President Alberto Fernández said Tuesday he will not allow the International Monetary Fund (IMF) to impose austerity measures on Argentina during talks over a new financing programme.
The government, which sealed an initial US$65-billion debt agreement with private foreign creditors last week, is looking to open formal negotiations with the Fund after September 4 over repayments for Argentina’s US$44-billion credit line, according to official sources.
Argentina took a loan of US$57 billion from the IMF in 2018 – the Fund’s largest ever – under former president Mauricio Macri, though President Fernández said he did not want to receive the remaining disbursements upon taking office.
The government is seeking to seal a deal before the end of March 2021, officials have briefed, with the first repayments currently due to begin in late December.
Given the coronavirus pandemic and Argentina’s economic turmoil, the country is not in a position to accept any conditions from the IMF, Fernández said Tuesday in a radio interview.
"I am not in a position to accept any conditionality. I am not in a condition because Argentina is not in condition to," Fernández said, referring to upcoming talks with the Fund.
"I ask them to trust us because we cannot accept conditions that require us to make adjustments [austerity measures], though we know that we must fulfil our obligations," he added.
The Peronist leader nevertheless praised the support the IMF had given Argentina during its negotiations with bondholders.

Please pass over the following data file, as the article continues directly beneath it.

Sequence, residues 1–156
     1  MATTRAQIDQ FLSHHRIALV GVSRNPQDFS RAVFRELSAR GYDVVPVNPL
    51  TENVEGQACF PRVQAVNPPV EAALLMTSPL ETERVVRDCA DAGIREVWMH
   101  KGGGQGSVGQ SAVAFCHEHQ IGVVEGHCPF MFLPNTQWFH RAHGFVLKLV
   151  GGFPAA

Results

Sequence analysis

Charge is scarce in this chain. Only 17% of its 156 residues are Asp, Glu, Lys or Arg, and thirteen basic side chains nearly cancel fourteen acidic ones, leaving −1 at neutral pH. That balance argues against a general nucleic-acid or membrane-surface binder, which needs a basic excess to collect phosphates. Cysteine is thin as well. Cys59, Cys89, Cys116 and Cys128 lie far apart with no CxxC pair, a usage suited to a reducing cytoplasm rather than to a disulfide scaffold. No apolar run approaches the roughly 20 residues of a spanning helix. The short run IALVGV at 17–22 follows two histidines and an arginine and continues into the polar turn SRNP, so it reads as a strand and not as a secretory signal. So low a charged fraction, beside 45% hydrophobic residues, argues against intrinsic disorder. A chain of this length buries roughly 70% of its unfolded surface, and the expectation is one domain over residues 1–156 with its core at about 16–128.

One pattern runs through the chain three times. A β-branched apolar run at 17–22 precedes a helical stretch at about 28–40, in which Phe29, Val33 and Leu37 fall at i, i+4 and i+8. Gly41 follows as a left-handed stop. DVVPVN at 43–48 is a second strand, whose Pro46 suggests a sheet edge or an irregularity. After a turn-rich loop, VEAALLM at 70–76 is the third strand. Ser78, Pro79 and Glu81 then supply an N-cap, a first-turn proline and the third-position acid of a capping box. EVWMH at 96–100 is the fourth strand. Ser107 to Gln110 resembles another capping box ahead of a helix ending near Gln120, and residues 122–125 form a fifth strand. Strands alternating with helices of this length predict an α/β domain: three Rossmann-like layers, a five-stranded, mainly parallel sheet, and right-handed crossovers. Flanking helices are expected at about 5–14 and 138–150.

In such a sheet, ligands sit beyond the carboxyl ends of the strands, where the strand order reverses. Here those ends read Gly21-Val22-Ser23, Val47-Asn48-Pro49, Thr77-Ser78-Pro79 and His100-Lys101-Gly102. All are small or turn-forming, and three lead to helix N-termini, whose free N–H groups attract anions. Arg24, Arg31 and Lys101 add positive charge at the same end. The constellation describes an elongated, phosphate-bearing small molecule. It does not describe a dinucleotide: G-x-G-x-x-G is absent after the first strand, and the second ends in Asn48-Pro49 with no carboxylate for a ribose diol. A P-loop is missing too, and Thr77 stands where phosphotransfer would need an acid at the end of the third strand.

"If the Fund said, as it was, that the debt is not sustainable, it is because they said that Argentina has nowhere to get the resources from. That is the same as saying that Argentina has nowhere to adjust," the president stressed.
"We are at a time where everything is under discussion. The Fund's dogma has already fallen to pieces," he insisted.
Long and complex
Speaking this week, Economy Minister Martín Guzmán predicted that talks with the IMF will be “long” and “complex.”
"We do not see an agreement arriving quickly due to the number of issues that must be negotiated," Guzmán said in a radio interview. He vowed that officials would go through “every detail on the basis of prudence."
Pushed on a timeframe, amid reports that the government wants to reach an agreement with the Fund by April next year, the minister said it would “take months,” adding that it was “possible that only at the beginning of next year” would an accord be reached.
Argentina has been in recession since 2018 and a steep contraction is expected this year as a result of the coronavirus pandemic. Around 40 percent of the nation is living in poverty.
The IMF’s most recent estimate predicts that gross domestic product wil shrink by 9.9 percent this year, though private forecasts point to a bigger decline.
Public debt totals US$324 billion, close to 90 percent of GDP.